We used to think those rusty tools in our garden shed only served one purpose: to dig a hole. Once the hole was dug, the tools would either be left out on the deck for a few days, or hastily tossed back in the empty flower pot in the garage with the rest of the hand tools. Does this sound familiar?
Yes, most tools can get the dirty digging job done. However, if we put half as much thought into the kinds of tools that we are using so frequently to cut into our expensive, organic, peat moss and pine bark infused potting soil, we might actually see good results. When we discovered copper gardening tools, it was the absolute beauty of them that caught our eye. When we started doing the research behind those shiny works of art is when the tables really turned.
It turns out that copper has been used in gardening and farming for centuries. In the nineteenth century, a farmer discovered that his crops were flourishing after using copper plows. Properties of the copper (actually a hardened copper alloy), were positively enriching the soil, helping with water retention and improving soil naturally by adding trace elements. Once this was discovered, gardeners and farmers alike began using copper in their soil.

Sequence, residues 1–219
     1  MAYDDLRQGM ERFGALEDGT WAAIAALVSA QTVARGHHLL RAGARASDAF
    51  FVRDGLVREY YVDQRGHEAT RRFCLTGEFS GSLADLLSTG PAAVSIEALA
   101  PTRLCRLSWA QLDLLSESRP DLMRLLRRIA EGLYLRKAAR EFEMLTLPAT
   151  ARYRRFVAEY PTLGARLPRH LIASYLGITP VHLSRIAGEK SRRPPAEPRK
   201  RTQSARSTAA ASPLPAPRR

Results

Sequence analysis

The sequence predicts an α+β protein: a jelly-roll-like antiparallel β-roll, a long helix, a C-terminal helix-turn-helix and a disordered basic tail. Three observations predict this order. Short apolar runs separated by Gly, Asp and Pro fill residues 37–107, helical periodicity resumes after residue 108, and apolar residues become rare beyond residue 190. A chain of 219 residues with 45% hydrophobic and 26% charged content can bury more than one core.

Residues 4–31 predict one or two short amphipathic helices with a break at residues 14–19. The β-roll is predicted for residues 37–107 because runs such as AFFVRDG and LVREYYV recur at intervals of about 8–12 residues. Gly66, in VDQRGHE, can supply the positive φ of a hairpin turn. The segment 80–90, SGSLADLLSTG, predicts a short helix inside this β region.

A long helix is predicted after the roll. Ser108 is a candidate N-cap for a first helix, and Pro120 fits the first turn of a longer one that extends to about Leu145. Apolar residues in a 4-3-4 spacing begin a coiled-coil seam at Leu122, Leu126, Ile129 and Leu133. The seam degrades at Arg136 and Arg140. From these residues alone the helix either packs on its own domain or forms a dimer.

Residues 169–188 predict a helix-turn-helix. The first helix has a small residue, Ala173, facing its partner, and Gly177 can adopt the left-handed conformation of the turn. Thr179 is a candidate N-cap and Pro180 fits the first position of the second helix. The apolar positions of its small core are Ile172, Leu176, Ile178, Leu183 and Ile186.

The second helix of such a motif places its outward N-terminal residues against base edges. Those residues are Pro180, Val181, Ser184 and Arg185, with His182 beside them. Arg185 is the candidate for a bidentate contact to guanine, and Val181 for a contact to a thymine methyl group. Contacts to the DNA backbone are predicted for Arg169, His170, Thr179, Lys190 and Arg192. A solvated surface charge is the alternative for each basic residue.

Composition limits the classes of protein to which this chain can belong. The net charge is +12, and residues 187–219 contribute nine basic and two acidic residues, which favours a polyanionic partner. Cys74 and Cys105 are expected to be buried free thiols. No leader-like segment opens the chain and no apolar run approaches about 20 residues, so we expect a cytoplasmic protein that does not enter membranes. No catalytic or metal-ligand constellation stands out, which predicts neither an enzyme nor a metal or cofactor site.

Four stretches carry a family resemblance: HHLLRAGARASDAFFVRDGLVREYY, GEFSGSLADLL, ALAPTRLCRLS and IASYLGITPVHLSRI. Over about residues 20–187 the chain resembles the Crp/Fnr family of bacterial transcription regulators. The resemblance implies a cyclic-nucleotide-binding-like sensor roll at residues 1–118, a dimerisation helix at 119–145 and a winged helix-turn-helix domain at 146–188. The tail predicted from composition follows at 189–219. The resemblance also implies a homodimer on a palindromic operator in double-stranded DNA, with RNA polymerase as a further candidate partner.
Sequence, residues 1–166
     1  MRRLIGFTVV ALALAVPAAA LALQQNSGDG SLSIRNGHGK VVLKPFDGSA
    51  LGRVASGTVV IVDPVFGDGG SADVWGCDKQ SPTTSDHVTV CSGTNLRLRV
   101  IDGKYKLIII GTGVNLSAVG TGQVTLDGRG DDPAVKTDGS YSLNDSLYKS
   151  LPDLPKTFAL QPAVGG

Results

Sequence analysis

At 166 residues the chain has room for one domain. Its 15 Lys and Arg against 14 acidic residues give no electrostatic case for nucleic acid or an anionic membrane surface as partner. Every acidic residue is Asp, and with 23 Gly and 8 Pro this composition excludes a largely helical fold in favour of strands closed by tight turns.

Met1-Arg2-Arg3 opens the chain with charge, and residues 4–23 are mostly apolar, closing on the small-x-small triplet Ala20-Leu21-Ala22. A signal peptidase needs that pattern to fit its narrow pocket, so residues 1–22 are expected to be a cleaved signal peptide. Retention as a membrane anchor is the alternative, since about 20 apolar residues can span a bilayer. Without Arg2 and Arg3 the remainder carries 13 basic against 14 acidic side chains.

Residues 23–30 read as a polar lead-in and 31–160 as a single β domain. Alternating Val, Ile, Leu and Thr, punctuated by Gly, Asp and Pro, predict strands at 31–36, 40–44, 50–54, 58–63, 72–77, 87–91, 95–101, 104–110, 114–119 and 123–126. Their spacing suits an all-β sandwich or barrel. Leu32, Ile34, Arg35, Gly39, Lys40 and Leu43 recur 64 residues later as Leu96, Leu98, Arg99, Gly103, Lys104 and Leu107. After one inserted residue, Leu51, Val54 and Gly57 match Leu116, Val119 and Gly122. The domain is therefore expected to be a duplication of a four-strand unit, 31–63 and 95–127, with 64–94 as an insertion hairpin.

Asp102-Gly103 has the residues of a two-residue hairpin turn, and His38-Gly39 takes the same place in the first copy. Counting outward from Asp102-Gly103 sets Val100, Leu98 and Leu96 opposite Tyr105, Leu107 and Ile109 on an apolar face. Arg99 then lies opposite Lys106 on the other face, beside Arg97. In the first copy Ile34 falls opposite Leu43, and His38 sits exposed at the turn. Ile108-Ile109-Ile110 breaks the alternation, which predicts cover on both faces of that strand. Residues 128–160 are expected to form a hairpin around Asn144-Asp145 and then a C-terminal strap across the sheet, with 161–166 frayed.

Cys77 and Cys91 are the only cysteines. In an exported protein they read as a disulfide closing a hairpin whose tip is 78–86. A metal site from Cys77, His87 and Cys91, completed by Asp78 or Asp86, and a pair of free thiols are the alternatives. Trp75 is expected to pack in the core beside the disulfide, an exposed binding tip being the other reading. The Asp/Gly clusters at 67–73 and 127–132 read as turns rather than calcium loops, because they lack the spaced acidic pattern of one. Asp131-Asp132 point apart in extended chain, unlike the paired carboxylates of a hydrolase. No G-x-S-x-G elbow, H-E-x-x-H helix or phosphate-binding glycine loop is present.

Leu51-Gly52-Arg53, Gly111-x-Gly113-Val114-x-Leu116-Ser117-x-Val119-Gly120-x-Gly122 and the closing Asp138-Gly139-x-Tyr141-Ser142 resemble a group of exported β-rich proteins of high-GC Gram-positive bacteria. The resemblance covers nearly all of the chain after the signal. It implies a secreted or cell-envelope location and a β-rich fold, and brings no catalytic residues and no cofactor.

What's more than that? The properties of copper have been known to deter slugs and snails, help soil absorb natural minerals, and create a more positive charge as opposed to the negative charge of lead or iron. The copper is resistant to rust, ages beautifully, and has strong, sharp edges that effortlessly cuts through soil. It really has become difficult to imagine a reason to not be using copper in our gardening.
Although it took some time, we abolished our careless and thoughtless gardening habits. The tools you use can, and will change the way you garden. They will change the way you take care of your tools, and the way you show off your herb garden, greenhouse, or urban horticulture oasis. We took the time and research to develop the right tools for your garden, promising a beautiful, hand-crafted masterpiece, with the durability to handle a never-ending Spring.